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jeffrey Posted Wed 24th of January, 2018 10:20:21 AM
What circumstances would allow me to bill an E&M code on the same day that I do an endoscopic procedure?
jeffrey Posted Wed 24th of January, 2018 10:24:14 AM
What is the correct way to bill a colonoscopy in which a large polyp is removed by hot snare technique (with cautery) as well as tattooing the area of that polyp AND also removing other (smaller) polyps using a biopsy forcep AND also ablating some small rectal polyps using the tip of the cautery snare?
SuperCoder Answered Thu 25th of January, 2018 01:32:16 AM


As for your first query regarding E/M with minor procedure, kindly refer to the following link:

Next, as per the second scenario, appropriate CPTs would be as follows:

  • 45388 {Colonoscopy, flexible; with ablation of tumor(s), polyp(s), or other lesion(s) (includes pre- and post-dilation and guide wire passage, when performed)}
  • 45385 {Colonoscopy, flexible; with removal of tumor(s), polyp(s), or other lesion(s) by snare technique} with modifier 59
  • 45381 {Colonoscopy, flexible; with directed submucosal injection(s), any substance}


jeffrey Posted Thu 25th of January, 2018 09:02:16 AM
Thank you. I completely understand the answer and link referring to my first question. Regarding the second question: Don't you also bill for the multiple biopsies to remove the smaller polyps (45380)? Do you have to use any modifiers?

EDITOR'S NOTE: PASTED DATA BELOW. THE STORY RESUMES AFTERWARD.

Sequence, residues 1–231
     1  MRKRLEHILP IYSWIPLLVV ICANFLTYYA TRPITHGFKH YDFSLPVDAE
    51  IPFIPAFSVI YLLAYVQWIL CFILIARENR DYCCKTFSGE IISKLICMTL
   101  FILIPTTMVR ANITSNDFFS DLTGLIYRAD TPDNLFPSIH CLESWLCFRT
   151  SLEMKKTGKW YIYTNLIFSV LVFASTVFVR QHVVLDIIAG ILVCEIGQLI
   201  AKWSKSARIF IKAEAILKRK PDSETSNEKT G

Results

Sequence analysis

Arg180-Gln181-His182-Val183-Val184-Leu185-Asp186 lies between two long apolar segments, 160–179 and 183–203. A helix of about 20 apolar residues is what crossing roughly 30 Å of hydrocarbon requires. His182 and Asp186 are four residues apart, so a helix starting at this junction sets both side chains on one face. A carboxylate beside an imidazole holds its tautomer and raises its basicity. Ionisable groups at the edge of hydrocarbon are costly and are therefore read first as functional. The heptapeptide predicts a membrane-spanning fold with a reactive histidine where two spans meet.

SuperCoder Answered Mon 29th of January, 2018 01:47:54 AM


If this is a commercial plan, then:
45380 - 59
The location in the colon is not going to directly affect your choice of cpt codes. That would directly affect your ICD-10 diagnosis codes - IF the pathology came back as adenomatous polyp versus hyperplastic polyp. The diagnosis codes for adenomatous polyps are based on their location in the colon. The hyperplastic polyp diagnosis is just one diagnosis, not based on location in the colon.
For CPT usage, you can code separately for separate instrumentation - but only once per instrument per surgical session, and with using a modifier (Typically this means -59 for commercial plans and -XU for Medicare plans. But every payer has different rules for modifier usage so you'll need to be aware of those.) AS LONG AS the instruments are not used on the same exact polyp.
For instance -
Doctor uses a snare to resect 3 different polyps = 45385 coded once (not 3 times) Your example = doctor also resects a different polyp using cold biopsy forceps = then you would also code a 45380 with a modifier.
If the doctor first attempted to resect a polyp with a snare - but then had to go back to that SAME polyp site and use biopsy forceps to resect the remainder of the polyp, you can't use both the 45385 and the 45380 because it is the same polyp.


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